Another umbrella site of note is the Guardian's footballUnlimited.co.uk. The football related fun does indeed seem unlimited, with news and views and a game revolving around David Ginola and diving. Couldn't make head nor tail of it, but it looked like lots of fun.
Another ongoing benefit of the Guardian site is that it gives you the chance to subscribe to their daily round up of what's been occurring in the world of football. Called The Fiver, it can be emailed to you every weekday for free. Its "tea-time take on the world of football" is written in a humorous light and includes regular features such as The Rumour Mill and Quote of the Day, and has details of TV coverage on any particular day. It provides, in short, 110 per cent of the recommended adult daily dose of football-related literature.
These sites consider fun just as important as football (and if you can't have a laugh, then you're maybe already missing the point). However, if it's the latest scores, facts and figures and news that you want, then try www.soccernet.com - a very slick and user-friendly site with features about every club in the league.
It's much the same sort of format at www.footballnews.co.uk, with all the daily stories, managerial moans and transfer speculation you might expect to see on the back pages of the tabloids, along with a page for every club in the league.
News from the lower divisions
However, once you get down to club level (and even further down, to some of us unfortunates at Second Division club level), you're likely to find the news either amazingly brief or ridiculously out of date. In my own club's example, the Luton Town page includes the story that Lennie Lawrence (sacked over a month ago) has commended his players, while we're invited to a link telling us why George Best doesn't think England will win Euro 2000.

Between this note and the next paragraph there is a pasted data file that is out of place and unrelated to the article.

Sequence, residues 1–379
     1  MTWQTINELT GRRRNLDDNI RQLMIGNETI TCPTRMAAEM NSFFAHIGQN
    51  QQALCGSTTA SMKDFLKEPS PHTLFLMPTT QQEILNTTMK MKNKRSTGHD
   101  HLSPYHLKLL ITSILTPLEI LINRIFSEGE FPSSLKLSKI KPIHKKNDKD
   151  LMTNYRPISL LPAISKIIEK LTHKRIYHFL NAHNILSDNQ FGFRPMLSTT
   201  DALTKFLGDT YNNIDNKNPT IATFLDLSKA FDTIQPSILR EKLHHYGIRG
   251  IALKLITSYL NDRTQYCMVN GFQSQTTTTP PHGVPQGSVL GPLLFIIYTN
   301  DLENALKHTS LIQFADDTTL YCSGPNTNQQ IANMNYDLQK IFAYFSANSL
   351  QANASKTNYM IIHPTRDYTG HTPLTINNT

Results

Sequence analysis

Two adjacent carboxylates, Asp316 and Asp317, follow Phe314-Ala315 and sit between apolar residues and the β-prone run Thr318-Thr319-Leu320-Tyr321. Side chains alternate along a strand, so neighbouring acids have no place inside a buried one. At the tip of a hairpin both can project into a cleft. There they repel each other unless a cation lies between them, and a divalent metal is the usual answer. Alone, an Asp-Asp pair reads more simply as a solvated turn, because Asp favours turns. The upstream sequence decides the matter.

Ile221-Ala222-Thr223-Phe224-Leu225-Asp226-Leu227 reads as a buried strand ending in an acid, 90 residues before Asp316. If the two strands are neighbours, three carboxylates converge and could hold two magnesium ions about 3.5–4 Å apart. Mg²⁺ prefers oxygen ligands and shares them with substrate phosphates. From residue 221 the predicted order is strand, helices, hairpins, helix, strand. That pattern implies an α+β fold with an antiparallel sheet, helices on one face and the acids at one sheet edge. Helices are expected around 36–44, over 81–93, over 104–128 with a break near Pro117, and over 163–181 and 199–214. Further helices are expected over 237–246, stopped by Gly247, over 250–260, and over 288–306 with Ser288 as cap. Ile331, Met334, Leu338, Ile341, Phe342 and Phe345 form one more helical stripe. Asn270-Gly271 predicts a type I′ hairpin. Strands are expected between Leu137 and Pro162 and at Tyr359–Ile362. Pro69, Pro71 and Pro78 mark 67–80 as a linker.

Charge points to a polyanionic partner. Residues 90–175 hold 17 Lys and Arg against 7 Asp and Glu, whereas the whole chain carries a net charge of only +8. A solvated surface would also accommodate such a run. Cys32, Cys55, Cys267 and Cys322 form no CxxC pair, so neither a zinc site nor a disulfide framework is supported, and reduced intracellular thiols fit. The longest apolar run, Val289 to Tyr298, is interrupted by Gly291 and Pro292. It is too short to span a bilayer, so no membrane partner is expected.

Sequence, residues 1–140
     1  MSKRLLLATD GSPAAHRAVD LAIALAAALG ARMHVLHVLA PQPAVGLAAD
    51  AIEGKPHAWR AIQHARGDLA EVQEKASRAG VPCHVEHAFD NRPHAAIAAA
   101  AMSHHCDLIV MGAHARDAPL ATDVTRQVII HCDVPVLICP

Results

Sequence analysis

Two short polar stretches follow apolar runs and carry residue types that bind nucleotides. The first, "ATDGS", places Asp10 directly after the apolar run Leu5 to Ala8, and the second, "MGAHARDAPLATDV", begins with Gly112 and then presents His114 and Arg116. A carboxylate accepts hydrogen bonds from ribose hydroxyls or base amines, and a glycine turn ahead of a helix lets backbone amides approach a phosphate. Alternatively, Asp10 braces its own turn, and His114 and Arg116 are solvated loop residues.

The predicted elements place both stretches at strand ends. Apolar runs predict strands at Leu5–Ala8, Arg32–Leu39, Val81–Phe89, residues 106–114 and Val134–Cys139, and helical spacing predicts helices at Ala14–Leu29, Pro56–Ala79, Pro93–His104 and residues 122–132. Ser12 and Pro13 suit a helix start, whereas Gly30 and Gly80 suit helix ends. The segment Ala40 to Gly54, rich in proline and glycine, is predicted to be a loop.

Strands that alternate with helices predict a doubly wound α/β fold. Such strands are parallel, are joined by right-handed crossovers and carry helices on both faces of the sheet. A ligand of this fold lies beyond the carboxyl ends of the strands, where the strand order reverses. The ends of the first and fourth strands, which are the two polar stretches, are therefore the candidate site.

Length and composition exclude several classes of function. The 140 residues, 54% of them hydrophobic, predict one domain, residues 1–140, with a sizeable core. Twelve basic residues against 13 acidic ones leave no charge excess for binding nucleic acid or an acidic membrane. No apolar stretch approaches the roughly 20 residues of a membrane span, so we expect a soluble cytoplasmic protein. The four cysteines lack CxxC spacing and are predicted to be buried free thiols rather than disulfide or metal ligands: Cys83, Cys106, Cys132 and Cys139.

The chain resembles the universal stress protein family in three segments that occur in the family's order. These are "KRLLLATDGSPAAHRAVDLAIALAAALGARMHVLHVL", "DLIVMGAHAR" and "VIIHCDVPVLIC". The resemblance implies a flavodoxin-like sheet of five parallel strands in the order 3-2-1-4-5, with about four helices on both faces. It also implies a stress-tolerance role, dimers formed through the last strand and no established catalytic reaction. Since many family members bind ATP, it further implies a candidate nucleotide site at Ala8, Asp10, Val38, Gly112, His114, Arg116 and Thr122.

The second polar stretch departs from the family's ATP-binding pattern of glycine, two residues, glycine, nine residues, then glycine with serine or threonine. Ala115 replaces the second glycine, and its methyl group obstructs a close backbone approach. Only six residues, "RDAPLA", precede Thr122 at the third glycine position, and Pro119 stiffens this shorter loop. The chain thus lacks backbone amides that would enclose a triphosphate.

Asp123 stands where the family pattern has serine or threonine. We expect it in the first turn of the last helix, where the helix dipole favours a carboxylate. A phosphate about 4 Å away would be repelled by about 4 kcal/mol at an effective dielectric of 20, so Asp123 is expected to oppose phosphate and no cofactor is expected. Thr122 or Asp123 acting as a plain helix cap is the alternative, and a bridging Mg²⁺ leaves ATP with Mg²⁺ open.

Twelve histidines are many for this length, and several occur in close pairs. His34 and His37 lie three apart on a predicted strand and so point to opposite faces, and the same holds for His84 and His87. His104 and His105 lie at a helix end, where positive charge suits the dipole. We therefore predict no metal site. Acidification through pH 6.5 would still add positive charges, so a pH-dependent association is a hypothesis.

News is better updated at www.clubcall.com which obviously still suggests that the very latest stuff is available via the premier rate phone number.
Football365 (www.football365.com) doesn't even try and report from clubs lower than the 'First Division hopeful' category, although you might find an interesting poll: "By claiming he wasn't interested in signing Hasselbaink or Barthez, has Arsene Wenger proved he's a canny operator or totally bonkers?" Let's see. I think I'll plump for the exit site option.
If it's club merchandise you're after and your nearest Premiership megastore is out of reach, you could try a site like www.kitbag.com. Oh, and although the retro look has maybe gone out of fashion a little in the past few years, you might want to look at www.toffs.com which sells some very nice vintage-style shirts at up to the minute prices.
Prima donna, moi?
It can be fascinating to look into the websites of people who are often totally misinterpreted - like vastly overpaid footballers behaving like prima donnas. Chelsea's Marcel Desailly, for instance, on his Anglo-Gallic website (www.marcel-desailly.com), implores fans to wear his official website t-shirt. "No room for hesitation! Wear the official colours of your favourite site!" he urges.
Desailly goes into exclamation mark overdrive when writing about champagne. "I've recently tasted a bottle of Krug in really good condition: the champagne had been decanted!!!". Another of his great loves is watches. He started ("like everyone, I guess") with a Swatch before moving on. "I remained faithful to Rolex until 1993. I later took an interest in other, more prestigious brands." And before you argue that Desailly is out of touch with the normal fan, remember, he's a Chelsea player.
The relegation zone
So these are just a few pointers regarding the huge range of sites available, and with every visit to the web you'll always find something new. I like to look periodically on the Bohemians FC page (www.fc-bohemians.cz) just to check that they're still the worst team in Prague. (Don't forget to press the English language icon.)
I've also discovered - and I recommend this site wholeheartedly - www.lutonfc.com, a site which must surely be regarded as one of the finest, if only because it offers users the chance to download the view of the spiritual home of world football from the Kenilworth Road stand.